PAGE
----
In his Academy Award acceptance speech, Gore said: “My fellow Americans, people all over the world, we need to solve the climate crisis, it's not a political issue, it's a moral issue.” He also received the Nobel Peace Prize jointly in that year

Balancing work, life and parenthood

Carolyn Creswell, the founder of Carman’s Fine Foods producer of muesli products, is Australia’s richest woman under 40 years old and also a role model for working mothers – named Telstra Australian Business Woman of the Year in 2012 

“I’m proud to say that I run a company and I’m a good mother,” Creswell says, who bought Carman’s for $1000 when she was a uni student. It is now worth $83 million. 

Carman’s south Melbourne workplace has a kids’ room so parents can bring sick children to work, and Creswell – who’s busy with her four kids’ activities - also encourages employees to take time off for sports days and assemblies.

Reaching beyond your wildest dreams

Lauren Jackson, Australia’s most globally famous basketballer, helped the Opals win silver in the 2000, 2004, 2008 Olympics and bronze in the London Games when she carried the Australian flag. 

“To be named the leader of the team, and … walk in front of Australia at an Olympic Games is something that I never, in my wildest dreams, would have imagined I could achieve,” she said.

For 12 years Jackson has played in the American Women’s National Basketball Association for the Seattle Storm, crowned the most valuable player, and also played club basketball in Korea, China, Spain and Russia.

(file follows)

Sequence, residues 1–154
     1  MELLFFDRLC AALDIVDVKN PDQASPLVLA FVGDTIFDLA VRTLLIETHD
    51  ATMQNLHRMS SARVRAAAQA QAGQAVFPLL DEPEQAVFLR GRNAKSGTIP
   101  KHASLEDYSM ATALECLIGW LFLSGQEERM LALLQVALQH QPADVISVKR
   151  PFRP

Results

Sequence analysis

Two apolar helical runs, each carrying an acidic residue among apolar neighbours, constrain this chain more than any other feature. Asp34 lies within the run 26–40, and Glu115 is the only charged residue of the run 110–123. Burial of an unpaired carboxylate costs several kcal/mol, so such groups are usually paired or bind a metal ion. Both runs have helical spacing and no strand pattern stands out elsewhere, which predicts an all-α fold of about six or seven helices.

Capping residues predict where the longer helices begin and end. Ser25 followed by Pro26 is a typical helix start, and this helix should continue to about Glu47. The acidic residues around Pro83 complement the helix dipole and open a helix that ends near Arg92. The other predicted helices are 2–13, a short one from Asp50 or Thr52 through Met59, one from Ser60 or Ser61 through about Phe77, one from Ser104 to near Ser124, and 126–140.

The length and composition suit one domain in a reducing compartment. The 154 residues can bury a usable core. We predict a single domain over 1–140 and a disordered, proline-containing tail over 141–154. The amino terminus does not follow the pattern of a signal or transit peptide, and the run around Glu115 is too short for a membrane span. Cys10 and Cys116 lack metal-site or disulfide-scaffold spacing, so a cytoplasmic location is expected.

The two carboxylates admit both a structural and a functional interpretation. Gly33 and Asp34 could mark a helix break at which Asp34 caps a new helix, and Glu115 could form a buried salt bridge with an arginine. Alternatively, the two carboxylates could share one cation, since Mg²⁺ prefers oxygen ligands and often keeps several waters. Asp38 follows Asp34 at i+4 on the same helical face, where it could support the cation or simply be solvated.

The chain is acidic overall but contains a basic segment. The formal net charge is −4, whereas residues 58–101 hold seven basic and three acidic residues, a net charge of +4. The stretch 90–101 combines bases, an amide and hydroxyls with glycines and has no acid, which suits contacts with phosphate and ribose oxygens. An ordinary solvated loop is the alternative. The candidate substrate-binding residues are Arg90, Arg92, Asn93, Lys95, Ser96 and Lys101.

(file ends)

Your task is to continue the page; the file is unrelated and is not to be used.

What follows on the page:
“Leadership develops from the inside out. If you nurture leadership qualities within yourself first, you can display those qualities on the outside. Great team leaders show courage in their decisions and their actions … They go out and look for opportunities whether it is to exploit opportunities or enhance the team’s strengths.”

Don’t #@!% the customer

Mike Cannon-Brookes and Scott Farquhar, the co-founders of global software company Atlassian, are Australia’s wealthiest entrepreneurs under 40 years old. As students at the University of NSW, the pair bootstrapped their company with $10,000 - more than a decade later it’s worth an estimated $3.8 billion.

Their leadership is built on treasuring their customers - with their core value of “Don’t #@!% the customer” - and also their employees. BRW named Atlassian the Best Place to Work in 2014 and 2015

Farquhar and Cannon-Brookes invest in their more than 1100 employees as “adults”, giving them flexible hours, a paid week to volunteer for charities, holidays as rewards, and “Ship It” quarterly innovation competitions. 

Who inspires you?

Unlock your leadership potential by researching Business Careers here. 


Melinda Ham

Melinda is a Sydney-based Journalist and Editor who has written on education, travel, business, science and innovation for the last 20 years. She is an experienced researcher, interviewer, writer, editor and project manager who aims to produce engaging and compelling content.